Eric Reid gives NFL reporters a lesson on 400 years of systemic oppression

"I grew up black in America, you cannot tell me that what I've experienced isn't true."

Screenshot via @Panthers
Screenshot via @Panthers

Last Thursday, a month into the NFL season, the Carolina Panthers signed free agent safety Eric Reid, a former Pro Bowler who gained notoriety when he became the first player to join his then-teammate Colin Kaepernick in taking a knee during the national anthem to protest police brutality and systemic racism.

Reid’s signing was a significant move, and not just because the Panthers were desperate for talent in their defensive backfield after a rash of injuries. Reid has joined Kaepernick in a collusion lawsuit against the NFL, which alleges that NFL owners conspired to keep the two former San Francisco 49ers off the field because of their protest activities.

At his first press conference in Charlotte on Monday, Reid made it clear that his time away from the field had neither muted his desire to fight injustice, nor scared him away from speaking his mind. He wore an #IMWITHKAP t-shirt, signalling his continued solidarity with Kaepernick, and said that his collusion lawsuit would “without a doubt” continue, despite his one-year contract with the Panthers.

But the most powerful part of the press conference came when a reporter asked him why he felt compelled to continue to be an outspoken critic of racism in America, despite the career consequences he believes he has faced as a result.


“Next year will be 2019. It will mark 400 years since the first slaves touched the soil of this country. That’s 400 years of systemic oppression,” Reid said.

“That’s slavery, Jim Crow, new Jim Crow, mass incarceration, you name it. The Great Depression — they come out with the New Deal, and black people didn’t have access to those government stimulus packages. The New Deal set up what is known as the modern-day middle class. We didn’t have access to those programs, the GI Bill, social security, home loans, none of that. So this has been happening since my people have gotten here. And so, I just felt the need to say something about it.”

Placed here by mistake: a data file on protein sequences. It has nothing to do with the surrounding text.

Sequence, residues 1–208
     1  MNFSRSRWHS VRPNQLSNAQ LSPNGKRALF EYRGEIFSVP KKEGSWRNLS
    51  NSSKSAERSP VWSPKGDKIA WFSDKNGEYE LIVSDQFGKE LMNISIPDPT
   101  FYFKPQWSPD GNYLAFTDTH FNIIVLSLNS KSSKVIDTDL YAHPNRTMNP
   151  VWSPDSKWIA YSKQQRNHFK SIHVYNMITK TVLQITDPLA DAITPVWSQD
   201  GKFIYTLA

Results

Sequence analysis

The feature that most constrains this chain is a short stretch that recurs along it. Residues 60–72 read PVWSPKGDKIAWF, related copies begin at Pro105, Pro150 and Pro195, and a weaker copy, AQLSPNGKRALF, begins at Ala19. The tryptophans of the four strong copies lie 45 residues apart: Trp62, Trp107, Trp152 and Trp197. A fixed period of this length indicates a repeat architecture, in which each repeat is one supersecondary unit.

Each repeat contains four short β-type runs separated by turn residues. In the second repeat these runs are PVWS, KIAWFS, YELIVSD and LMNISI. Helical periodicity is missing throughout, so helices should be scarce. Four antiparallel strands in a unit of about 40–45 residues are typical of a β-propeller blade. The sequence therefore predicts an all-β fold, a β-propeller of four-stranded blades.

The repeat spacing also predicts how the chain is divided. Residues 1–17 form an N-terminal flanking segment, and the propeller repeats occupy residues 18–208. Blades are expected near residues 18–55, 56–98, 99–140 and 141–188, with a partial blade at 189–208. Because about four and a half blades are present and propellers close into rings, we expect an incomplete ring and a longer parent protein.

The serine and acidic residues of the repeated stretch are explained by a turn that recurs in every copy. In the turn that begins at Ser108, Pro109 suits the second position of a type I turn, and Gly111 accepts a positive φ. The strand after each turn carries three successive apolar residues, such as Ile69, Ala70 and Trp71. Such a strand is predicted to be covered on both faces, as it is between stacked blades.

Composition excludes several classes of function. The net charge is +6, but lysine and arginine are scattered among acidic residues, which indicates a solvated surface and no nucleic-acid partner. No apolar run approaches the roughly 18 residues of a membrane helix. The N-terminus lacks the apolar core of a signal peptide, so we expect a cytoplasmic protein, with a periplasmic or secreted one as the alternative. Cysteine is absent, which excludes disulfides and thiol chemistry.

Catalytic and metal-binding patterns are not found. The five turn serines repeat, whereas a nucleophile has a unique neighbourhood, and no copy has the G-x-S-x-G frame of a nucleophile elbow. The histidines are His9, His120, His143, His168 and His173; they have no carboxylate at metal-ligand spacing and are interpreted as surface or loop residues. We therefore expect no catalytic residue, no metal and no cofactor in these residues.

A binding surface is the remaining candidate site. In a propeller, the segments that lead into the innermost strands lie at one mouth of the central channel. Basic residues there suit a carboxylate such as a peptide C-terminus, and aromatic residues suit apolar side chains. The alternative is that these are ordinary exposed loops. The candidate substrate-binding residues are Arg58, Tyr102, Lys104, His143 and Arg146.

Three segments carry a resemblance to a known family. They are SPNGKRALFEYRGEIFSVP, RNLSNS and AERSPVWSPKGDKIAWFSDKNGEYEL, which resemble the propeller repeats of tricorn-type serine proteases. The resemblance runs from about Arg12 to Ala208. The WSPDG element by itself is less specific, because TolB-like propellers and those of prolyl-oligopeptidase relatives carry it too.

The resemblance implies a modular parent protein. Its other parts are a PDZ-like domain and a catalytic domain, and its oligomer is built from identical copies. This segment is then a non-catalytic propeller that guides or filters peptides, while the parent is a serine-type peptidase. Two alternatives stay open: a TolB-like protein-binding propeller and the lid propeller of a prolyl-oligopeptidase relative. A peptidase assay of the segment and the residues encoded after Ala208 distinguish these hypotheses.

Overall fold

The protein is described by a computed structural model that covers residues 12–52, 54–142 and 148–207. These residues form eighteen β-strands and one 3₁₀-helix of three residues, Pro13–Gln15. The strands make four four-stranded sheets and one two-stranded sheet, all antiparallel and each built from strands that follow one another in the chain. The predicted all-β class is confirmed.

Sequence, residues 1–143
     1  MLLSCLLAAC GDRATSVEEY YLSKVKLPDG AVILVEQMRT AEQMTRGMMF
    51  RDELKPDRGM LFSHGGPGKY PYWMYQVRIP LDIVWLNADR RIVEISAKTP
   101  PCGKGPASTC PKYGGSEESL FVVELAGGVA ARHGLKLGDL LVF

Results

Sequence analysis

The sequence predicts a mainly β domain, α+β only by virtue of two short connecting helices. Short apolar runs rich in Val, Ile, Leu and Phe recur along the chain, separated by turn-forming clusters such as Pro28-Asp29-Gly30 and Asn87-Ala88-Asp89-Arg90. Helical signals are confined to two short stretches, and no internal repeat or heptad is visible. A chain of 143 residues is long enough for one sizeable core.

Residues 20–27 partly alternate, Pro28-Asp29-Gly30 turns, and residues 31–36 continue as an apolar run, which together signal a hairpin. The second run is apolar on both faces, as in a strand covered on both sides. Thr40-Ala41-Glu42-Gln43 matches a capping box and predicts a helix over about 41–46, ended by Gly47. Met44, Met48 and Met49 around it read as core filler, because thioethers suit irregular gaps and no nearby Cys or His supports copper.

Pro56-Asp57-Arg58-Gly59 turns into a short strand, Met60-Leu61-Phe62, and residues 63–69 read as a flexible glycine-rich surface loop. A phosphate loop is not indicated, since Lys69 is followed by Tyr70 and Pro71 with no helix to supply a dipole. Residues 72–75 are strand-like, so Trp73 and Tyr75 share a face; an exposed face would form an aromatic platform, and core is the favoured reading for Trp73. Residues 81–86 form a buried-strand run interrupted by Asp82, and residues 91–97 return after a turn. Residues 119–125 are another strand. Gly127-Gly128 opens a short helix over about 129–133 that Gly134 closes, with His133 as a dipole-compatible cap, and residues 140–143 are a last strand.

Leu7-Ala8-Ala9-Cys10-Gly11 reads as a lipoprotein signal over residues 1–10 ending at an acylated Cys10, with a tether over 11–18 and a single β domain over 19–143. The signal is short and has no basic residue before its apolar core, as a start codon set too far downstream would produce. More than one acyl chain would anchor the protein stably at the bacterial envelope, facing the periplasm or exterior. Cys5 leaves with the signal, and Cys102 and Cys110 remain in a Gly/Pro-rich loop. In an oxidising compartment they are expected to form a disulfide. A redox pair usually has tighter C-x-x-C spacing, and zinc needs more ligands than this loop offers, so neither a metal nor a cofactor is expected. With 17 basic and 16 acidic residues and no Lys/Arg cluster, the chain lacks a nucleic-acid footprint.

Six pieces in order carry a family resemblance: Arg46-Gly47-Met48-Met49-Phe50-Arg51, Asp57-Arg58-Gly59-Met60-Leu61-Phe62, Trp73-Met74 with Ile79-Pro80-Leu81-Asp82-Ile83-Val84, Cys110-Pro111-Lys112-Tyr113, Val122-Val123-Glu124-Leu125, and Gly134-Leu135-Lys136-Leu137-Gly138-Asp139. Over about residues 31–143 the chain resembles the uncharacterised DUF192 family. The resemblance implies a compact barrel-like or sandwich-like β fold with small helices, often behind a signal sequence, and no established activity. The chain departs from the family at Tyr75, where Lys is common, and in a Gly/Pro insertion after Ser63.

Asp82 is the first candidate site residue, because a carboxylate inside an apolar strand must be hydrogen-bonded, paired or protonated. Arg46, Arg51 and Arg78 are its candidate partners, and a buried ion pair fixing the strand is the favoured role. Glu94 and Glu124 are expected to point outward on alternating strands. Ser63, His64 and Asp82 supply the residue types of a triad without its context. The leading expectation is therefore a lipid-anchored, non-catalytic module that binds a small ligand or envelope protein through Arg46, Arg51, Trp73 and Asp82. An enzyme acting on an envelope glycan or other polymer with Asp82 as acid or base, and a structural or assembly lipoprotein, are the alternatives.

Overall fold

This is a powerful message to deliver to reporters in North and South Carolina, considering both states voted for Donald Trump in the 2016 election. And it’s a statement that no Carolina Panther would have likely given a year ago. Jerry Richardson, the former owner of the Panthers, was notoriously conservative and controlling. But he was forced to sell the team last year after a Sports Illustrated report and subsequent NFL investigation revealed a disturbing history of sexism, harassment, and racism in the workplace.


The Panthers’ new owner, David Tepper, is much more open minded than Richardson, which paved the way for the team to sign Reid. According to Reid, the team did not ask him about his protest before it signed him. That was a change of pace for Reid — in April, the Cincinnati Bengals reportedly asked Reid whether he planned to take a knee or not during the national anthem while he was working out for them. 

Reid said during the said during the press conference that he hasn’t decided yet what he will do during the national anthem this season. We’ll find out soon enough, though; he is expected to start and play significant minutes in Sunday’s home game against the New York Giants.

But no matter if he takes a knee or not, it is clear that Reid is here to make a statement, on and off the field. And, whether he gets signed to a team or not, Kaepernick will be by his side the whole way.

“[Kaepernick and I will] continue to hold America to the standard it says on paper, that we’re are created equal. Because it’s not that way right now. But we’re going to keep pushing towards that,” Reid said.

He knows there will likely be blowback from fans across the league, but that’s something he’s used to — not just because he took a knee during the national anthem for two straight seasons, but because of his life experience.


“I’m a black man in America. I grew up black in America, you cannot tell me that what I’ve experienced isn’t true,” he said.

“You can’t live in your own house in America without getting killed,” he added, referring to the murder of Botham Jean by an off-duty Dallas police officer who allegedly mistook Jean’s apartment for his own.

The Panthers have historically been a franchise that sticks to sports. That changed on Monday.

Reid ended the press conference with a very clear message: “I will keep speaking for my people.”